“We feel an urgent need to raise awareness for and educate on nonalcoholic fatty liver disease and nonalcoholic steatohepatitis so that these liver diseases are included in every health care conversation when obesity and diabetes are mentioned,” Donna R. Cryer, JD, president and CEO of the Global Liver Institute, said in a press release. “We are spearheading a global effort for adoption of non-invasive tests so that early detection and diagnosis of these diseases is easier, and we can begin to stem the tide of this global epidemic.”
According to the release, the Global Liver Institute has developed a complementary campaign called Beyond the Biopsy to accelerate acceptance and adoption of noninvasive technologies as an alternative to biopsy to increase the number of people able to be screened and diagnosed for fatty liver before they develop NASH.
Additionally, the NASH Education Program held a conference during International NASH Day to discuss the “looming national crisis” of disease rates along with the challenges in current practices for the diagnosis and management of high-risk populations.
During a presentation by Amon Asgharpour, MD, from the Icahn School of Medicine at Mount Sinai in New York, he revealed that 72% of surveyed patients were not aware that alcohol and viral infection are not the only causes of liver diseases and 51% still felt poorly informed about the consequences and clinical management of NAFLD after their diagnosis.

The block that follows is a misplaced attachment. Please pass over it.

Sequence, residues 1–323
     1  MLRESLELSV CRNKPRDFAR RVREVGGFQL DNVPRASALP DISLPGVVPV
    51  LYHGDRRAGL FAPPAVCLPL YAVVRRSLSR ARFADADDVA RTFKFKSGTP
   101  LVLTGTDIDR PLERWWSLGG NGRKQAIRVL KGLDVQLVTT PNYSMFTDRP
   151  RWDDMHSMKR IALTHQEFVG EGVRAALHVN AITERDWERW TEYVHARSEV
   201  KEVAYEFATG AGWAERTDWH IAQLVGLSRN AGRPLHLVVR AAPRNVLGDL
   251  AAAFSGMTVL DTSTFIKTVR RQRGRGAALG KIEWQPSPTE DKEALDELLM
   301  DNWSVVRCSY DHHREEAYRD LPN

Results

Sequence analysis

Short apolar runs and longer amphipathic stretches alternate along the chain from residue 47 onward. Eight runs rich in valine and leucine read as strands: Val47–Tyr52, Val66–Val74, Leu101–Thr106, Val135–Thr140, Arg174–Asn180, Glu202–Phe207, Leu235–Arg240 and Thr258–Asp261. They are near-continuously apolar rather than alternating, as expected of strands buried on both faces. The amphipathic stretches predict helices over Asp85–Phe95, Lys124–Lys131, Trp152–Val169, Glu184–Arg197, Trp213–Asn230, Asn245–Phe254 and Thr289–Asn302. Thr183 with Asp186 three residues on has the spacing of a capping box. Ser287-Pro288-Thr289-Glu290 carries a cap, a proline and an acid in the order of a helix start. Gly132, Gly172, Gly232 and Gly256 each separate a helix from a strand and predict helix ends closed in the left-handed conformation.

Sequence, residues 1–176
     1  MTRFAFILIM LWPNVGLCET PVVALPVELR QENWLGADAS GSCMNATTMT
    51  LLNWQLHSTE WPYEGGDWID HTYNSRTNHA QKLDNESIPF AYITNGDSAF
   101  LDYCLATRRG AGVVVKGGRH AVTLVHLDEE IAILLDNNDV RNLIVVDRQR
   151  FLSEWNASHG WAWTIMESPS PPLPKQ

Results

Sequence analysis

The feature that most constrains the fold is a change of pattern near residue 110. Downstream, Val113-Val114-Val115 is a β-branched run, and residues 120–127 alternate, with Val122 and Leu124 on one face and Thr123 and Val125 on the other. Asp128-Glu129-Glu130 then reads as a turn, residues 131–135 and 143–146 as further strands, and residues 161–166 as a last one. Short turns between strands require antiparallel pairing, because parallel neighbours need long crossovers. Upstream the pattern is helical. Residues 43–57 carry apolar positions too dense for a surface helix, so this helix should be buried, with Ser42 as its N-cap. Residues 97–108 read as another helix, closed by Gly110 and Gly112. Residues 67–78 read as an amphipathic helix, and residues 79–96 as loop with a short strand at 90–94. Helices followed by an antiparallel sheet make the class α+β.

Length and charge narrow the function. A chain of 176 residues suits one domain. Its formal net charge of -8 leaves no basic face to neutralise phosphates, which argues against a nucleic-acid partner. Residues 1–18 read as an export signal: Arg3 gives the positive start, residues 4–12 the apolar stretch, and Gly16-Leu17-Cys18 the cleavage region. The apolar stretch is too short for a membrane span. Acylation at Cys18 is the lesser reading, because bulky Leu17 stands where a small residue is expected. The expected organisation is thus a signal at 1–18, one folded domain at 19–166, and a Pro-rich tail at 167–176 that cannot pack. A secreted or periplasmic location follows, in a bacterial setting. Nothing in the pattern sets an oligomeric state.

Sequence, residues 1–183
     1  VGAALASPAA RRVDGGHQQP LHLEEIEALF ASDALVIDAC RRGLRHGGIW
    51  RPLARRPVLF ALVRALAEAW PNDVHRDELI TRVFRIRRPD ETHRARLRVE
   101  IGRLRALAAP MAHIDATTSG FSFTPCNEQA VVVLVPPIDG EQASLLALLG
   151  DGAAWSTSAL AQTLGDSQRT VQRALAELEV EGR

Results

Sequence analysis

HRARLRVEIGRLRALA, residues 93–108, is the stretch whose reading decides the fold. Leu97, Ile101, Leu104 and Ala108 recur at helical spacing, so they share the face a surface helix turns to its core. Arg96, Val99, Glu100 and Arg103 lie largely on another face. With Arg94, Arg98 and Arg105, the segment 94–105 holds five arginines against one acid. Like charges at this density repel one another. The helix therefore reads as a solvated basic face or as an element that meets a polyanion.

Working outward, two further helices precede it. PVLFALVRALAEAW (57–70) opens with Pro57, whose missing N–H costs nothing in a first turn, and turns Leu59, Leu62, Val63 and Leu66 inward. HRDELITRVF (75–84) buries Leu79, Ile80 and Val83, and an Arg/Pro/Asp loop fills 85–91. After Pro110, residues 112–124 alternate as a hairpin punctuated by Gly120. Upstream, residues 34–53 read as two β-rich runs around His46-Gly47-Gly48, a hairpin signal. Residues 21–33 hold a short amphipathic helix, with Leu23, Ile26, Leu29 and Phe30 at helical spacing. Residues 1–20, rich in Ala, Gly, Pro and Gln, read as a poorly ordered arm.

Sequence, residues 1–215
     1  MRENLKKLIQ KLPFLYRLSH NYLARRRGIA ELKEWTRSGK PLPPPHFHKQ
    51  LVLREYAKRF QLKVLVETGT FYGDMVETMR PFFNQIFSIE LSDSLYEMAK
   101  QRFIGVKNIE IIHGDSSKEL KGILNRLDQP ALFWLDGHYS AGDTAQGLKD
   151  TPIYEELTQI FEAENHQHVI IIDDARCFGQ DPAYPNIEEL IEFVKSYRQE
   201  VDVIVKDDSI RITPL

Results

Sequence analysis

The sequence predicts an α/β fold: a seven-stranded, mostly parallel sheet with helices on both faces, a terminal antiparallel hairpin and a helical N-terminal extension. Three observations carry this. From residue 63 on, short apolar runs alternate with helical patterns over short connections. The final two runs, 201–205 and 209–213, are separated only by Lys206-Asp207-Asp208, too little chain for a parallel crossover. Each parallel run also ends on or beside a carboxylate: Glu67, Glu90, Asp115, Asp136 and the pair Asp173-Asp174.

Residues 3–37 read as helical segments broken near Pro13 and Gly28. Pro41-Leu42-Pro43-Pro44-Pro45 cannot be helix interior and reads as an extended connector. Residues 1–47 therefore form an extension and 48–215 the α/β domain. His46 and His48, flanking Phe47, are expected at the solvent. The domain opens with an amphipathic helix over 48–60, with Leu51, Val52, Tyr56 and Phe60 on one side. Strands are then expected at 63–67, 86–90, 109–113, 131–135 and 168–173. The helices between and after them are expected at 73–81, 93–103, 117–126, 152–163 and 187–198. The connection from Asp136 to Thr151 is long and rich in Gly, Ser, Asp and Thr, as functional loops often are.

The survey also showed that 90% of surveyed physicians needed more medical information on emerging therapies and patient management strategies for NASH and 85% need relevant medical information to understand the disease and its parameters.
“It’s not just the patients, it’s the physicians who need more awareness — this is what we're hoping to do here today,” Asgharpour said during his presentation.
How many times this year have you committed to eating more fish? Now, how many times have you not eaten more fish? I bet the answer to both is a lot. Look, when it comes to nutrition, we always have the best intentions, but we rarely realize them.
Fatty fish is the best source for omega-3 fatty acids and eating a couple of 3.5-ounce servings of salmon per week is what most doctors recommend. But is that always enough? It really depends on what you want from it. Because most North Americans don’t eat that much fish—it can be an acquired taste and rather pricey—they elect to supplement with a daily omega-3. And that’s great! If you’re taking fish oil for overall general health, a daily dosage of about 250 mg per day, made up of EPA and DHA, is the minimum you’ll need to see any therapeutic benefit. If you’re eating salmon, tuna, or other fatty fish twice per week, you’re covered. But once again, that’s the absolute minimum we’re talking about for general health.
Let’s say your goal for omega-3 is heart health. Well, in that case, 250 mg per day won’t cut it. The American Heart Association recommends getting at least 1 gram (1,000 mg)—nearly four times the minimum therapeutic dose for general health—of fish oil per day. To get 1 gram per day, you’ll need to eat 3.5 ounces of salmon (or another low-mercury, fatty fish) twice per week like religion.